That led to a call center run by Starbucks’ TPA and a dedicated telephonic case management team so that partners can speak to a live person without the frustration of ‘phone tag’ and unanswered questions.

“We were focused on building up a program with an eye on our partner experience. Cost was at the bottom of the list. Doing a better job by our partners was at the top.” — Steve Legg, director of risk management, Starbucks

Starbucks also implemented direct deposit for lost-time pay, eliminating stressful wait times for injured partners, and allowing them to focus on healing.

For Starbucks, as for all of the 2018 Teddy Award winners, the approach is netting measurable results. With higher partner satisfaction, it has seen a 50 percent decrease in litigation.

Teddy winner Main Line Health (MLH) adopted worker advocacy in a way that goes far beyond claims.

Employees who identify and report safety hazards can take credit for their actions by sending out a formal “Employee Safety Message” to nearly 11,000 mailboxes across the organization.

“The recognition is pretty cool,” said Steve Besack, system director, claims management and workers’ compensation for the health system.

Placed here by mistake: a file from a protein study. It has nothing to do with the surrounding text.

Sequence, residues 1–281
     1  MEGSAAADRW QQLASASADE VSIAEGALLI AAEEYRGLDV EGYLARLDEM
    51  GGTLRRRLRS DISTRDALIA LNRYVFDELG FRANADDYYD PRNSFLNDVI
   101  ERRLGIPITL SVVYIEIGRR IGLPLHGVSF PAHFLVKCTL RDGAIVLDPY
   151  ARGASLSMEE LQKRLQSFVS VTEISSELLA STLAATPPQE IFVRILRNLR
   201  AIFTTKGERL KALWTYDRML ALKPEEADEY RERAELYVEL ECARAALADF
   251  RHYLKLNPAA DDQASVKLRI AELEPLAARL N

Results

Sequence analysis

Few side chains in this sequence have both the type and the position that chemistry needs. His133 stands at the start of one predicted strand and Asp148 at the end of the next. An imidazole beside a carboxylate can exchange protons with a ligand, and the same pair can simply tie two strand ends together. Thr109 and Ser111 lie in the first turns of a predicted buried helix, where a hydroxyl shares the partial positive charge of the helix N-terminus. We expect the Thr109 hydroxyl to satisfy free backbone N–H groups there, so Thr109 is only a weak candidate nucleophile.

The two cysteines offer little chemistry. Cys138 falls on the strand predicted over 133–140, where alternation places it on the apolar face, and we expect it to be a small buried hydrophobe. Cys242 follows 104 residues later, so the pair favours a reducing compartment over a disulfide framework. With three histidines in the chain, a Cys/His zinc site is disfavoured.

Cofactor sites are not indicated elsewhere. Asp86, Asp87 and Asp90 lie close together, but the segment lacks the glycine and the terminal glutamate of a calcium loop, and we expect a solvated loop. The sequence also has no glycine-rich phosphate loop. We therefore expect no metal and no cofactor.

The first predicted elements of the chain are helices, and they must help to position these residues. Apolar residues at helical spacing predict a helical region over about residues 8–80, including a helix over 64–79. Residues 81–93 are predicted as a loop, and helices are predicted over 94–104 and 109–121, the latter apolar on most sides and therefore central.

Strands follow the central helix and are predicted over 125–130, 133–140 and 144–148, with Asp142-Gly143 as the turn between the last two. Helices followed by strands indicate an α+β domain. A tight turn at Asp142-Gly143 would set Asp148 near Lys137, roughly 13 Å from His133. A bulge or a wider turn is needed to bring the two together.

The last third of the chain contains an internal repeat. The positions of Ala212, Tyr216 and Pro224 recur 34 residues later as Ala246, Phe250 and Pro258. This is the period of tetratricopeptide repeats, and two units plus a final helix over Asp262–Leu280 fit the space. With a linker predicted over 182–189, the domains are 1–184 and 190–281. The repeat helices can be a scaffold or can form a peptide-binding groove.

MLH also takes a non-adversarial approach to workers with repeat injuries, seeing them as a resource for identifying areas of improvement.

“When you look at ‘repeat offenders’ in an unconventional way, they’re a great asset to the program, not a liability,” said Mike Miller, manager, workers’ compensation and employee safety for MLH.

Teddy winner Monmouth County, N.J. utilizes high-tech motion capture technology to reduce the chance of placing new hires in jobs that are likely to hurt them.

Monmouth County also adopted numerous wellness initiatives that help workers manage their weight and improve their wellbeing overall.

“You should see the looks on their faces when their cholesterol is down, they’ve lost weight and their blood sugar is better. We’ve had people lose 30 and 40 pounds,” said William McGuane, the county’s manager of benefits and workers’ compensation.

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Do these sound like minor program elements? The math says otherwise: Claims severity has plunged from $5.5 million in 2009 to $1.3 million in 2017.

At the University of Pennsylvania, putting workers first means getting out from behind the desk and finding out what each one of them is tasked with, day in, day out — and looking for ways to make each of those tasks safer.

Regular observations across the sprawling campus have resulted in a phenomenal number of process and equipment changes that seem simple on their own, but in combination have created a substantially safer, healthier campus and improved employee morale.

UPenn’s workers’ comp costs, in the seven-digit figures in 2009, have been virtually cut in half.

Risk & Insurance® is proud to honor the work of these four organizations. We hope their stories inspire other organizations to be true partners with the employees they depend on. &

Michelle Kerr is associate editor of Risk & Insurance. She can be reached at [email protected]